New Concept to Improve Technical Eduction
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New Concept to Improve Technical Eduction

A concept for developing the vocational and technical education

 in the colleges of technology to improve the technical performance standard

 of the college graduates

K.M.   Mourad

Mechanical Technology   Department,

College of Technology, Makkah, KSA



K.   Alwassia

Product Support Manager   (Mazda/ Mercury),

Haji Husein Alireza &   Co. Ltd.





The teaching process in the colleges of technology is similar to the production process in the factories that manufacture and produce different products and market them after that. A poor product will not succeed in competing in the market place, which leads to its recession, and being useless. The same concept applies to the college graduates. If the student graduates with low qualifications or with qualifications that does not fill the needs of the job market; this will lead to improper employment or unemployment of the graduate.


In this paper the authors suggest a plan to improve the technical performance standard of the college graduates, and demonstrate through a case study the steps taken to implement that plan.  The procedure of designing a curriculum to improve the technical education is discussed fully in the paper. The paper also includes the tables designed to tabulate data and facilitate the construction of the curriculum.


Key words:  Educational Plan Creation, Curriculum Design, Syllabus Development, Teaching Staff Training, Workshop Equipment Assessment, Teaching Methods Implementation.


1. Introcuction


The General Organization for Technical Education and Vocational Training (GOTEVT) plays an important role in providing the technical job market with well-qualified workforce.  The GOTEVT receives the high school graduates as a raw material and shape them into fine skillful workers in their field of specialty as a finished product. 


The graduate of the technical colleges differ from the university graduate in that he is evaluated on the basis of his practical ability and skills not his theoretical knowledge, and he is usually evaluated according to his expertise in the workshop and his manner in carrying out the disassembling and assembling of the parts and performing the maintenance operations needed.


The quality of the graduate is measured mostly upon his practical capabilities, and stating that the graduate is weak  and unable to compete  in  the  job  market  arises from that concept. To prepare the graduate to be able to compete in the job market GOTEVT should implement a suitable plan, this plan can be divided into three stages as can be seen in Fig. 1, a similar concept can be seen in Reference 1.


A- Planning stage:

a- Determining the type of students enrolled in the colleges (general certificate of secondary education or industrial certificate of secondary education), taking into consideration the suitable teaching plan for them, based on their previous education status.

b- Studying the needs of the job market, in the present time and in the few years to come so as to determine the job qualifications needed in the graduates and also determining the sufficient numbers of graduates required.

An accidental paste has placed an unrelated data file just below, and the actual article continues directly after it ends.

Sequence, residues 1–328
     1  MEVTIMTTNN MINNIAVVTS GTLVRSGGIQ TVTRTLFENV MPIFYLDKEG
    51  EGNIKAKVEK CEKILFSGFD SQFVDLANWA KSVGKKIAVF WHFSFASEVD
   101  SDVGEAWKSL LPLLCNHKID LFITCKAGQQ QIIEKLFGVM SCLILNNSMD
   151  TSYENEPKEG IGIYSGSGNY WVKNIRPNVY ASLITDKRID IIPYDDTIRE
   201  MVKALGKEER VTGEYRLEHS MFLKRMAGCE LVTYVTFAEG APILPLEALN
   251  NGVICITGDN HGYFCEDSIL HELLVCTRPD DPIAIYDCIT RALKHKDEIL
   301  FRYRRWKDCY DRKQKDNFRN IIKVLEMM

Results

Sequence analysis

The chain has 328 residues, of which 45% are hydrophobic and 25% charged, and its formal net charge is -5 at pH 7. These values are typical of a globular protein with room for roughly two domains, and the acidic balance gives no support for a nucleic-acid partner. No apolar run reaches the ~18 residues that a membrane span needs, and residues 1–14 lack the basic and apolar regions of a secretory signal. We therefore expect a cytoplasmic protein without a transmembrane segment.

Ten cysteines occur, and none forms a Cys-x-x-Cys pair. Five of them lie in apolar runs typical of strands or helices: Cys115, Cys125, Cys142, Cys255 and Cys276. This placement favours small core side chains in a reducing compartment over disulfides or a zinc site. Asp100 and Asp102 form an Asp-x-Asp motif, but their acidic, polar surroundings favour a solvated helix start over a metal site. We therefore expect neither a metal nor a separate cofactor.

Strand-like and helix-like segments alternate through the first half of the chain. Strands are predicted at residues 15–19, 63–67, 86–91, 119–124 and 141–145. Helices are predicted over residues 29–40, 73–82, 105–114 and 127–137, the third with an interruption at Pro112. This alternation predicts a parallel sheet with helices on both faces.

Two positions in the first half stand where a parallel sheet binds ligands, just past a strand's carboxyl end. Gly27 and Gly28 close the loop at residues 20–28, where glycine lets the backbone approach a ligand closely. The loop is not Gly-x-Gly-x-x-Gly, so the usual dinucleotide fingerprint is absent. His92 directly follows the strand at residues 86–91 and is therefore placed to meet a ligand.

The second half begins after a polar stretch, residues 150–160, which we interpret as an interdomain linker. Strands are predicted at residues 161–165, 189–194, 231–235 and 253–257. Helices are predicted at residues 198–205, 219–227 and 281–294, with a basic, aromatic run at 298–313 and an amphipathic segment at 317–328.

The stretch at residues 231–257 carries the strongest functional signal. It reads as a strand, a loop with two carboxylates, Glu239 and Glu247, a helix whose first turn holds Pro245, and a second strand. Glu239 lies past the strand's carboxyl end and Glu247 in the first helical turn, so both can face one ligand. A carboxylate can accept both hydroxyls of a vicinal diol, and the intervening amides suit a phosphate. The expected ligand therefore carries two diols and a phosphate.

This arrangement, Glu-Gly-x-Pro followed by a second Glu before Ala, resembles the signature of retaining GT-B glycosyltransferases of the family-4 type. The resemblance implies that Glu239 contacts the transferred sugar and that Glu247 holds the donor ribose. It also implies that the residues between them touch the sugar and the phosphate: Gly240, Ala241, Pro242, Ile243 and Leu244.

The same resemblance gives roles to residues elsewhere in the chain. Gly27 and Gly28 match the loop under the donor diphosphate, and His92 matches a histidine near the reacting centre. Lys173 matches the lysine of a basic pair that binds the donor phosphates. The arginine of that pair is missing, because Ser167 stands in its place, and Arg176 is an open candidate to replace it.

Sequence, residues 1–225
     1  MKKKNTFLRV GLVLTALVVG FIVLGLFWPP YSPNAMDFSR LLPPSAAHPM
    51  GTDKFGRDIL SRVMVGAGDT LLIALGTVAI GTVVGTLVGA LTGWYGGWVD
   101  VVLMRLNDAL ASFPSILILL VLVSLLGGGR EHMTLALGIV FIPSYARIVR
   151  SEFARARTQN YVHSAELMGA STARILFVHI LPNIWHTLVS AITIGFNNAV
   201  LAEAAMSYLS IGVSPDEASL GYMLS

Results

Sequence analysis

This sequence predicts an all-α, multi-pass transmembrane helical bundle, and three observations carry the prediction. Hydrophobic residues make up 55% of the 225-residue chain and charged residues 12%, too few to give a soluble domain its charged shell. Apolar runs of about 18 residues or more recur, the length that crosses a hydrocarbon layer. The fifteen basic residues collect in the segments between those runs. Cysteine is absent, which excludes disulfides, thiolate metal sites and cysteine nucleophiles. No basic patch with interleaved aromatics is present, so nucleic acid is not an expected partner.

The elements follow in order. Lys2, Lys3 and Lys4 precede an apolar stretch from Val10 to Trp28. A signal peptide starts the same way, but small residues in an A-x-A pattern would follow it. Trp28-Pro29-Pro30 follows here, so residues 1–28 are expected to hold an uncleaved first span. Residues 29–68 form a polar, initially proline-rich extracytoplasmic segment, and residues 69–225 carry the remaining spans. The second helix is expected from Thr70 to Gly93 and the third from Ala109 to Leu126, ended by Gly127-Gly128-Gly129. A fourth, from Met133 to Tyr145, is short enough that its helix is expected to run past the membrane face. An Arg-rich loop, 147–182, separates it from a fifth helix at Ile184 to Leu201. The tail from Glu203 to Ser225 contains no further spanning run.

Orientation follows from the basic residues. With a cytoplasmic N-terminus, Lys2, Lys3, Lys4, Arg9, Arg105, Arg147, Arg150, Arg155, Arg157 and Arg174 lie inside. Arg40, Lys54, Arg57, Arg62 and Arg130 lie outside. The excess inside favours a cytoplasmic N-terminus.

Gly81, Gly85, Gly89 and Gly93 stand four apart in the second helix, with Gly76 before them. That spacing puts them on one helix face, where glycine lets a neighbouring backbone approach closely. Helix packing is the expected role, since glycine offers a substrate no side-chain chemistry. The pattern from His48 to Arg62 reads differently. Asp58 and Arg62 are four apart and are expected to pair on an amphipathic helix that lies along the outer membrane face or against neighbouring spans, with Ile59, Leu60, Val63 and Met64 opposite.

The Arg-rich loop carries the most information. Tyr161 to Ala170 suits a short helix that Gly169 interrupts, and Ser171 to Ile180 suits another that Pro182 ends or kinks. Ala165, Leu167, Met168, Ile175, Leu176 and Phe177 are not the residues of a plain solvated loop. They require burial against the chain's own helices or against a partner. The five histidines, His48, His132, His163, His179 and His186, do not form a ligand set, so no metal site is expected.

c- Determining the desired level for the graduate and his job title.


B- Preparation stage:

a- Establishing an education plan which would get the student (general and/or industrial certificate) to the capability level needed for the job named in the planning stage.

b- Setting a curriculum that would fulfill that education plan.

c- Supplying the laboratories and workshops with the equipment and special tools suitable for the tasks outlined in the curriculum.

d- Hiring teachers qualified in the field subject to teach the curriculum.


C- Follow up stage:

a- Follow up on the graduate’s job situation.

b- Follow up with the companies at which the graduates were hired  to gather feed back information about the weak and strong points of the graduate.

c- Monitor the change in the needs of the job market to modify the planning stage accordingly.


  2. Case study


This paper reflects the opinion of the authors to establish a plan to make a contribution in the development of the technical education in the Department of Mechanical Technology, Automotive Section. This study can be applied to the other departments of the college  


A- Planning stage

This stage in the current situation needs more careful study for the automotive job market from the time being and through the next three years, to make reliable predictions to insure that the college graduate, with the qualifications he gained in college, can find the suitable job when he finishes college.


Determining the qualifications needed in the graduate

The need is for an auto mechanic and electrical technician to deal with most of the private cars and vans in the kingdom in general, who is capable of doing the following:

o         Knowing the use of the general tools and has the knowledge of the workshop safety rules and precautions.

o         Has the ability to read the car manuals and understanding car specifications and can read charts and technical drawings.

o         Performing the required maintenance operations needed for the cars.

o         Checking and inspecting the car and has the ability to use the diagnoses equipment and analyzing the obtained results. 

o         Being capable of following a logical method and specific steps to diagnose the car problems.

o         Has the ability to disassemble and assemble car parts, correctly and efficiently.

o         Can examine parts using measuring equipment and can judge their condition.

o         Capable of specifying the spare parts needed and knowing how to use the spare parts catalog.

o         Has the skill to replace the faulty parts with the good ones and make a final check.

o         Can repair the repairable systems parts.

o         Can handle the workshop paper work and management.   

o         Has the ability to follow orders and work in a team.



B- Preparation stage

The education plan in the vocational and technical colleges consists of the three sides of the golden triangle (the curriculum, the teaching staff and the workshop equipment) as shown in Fig. 2.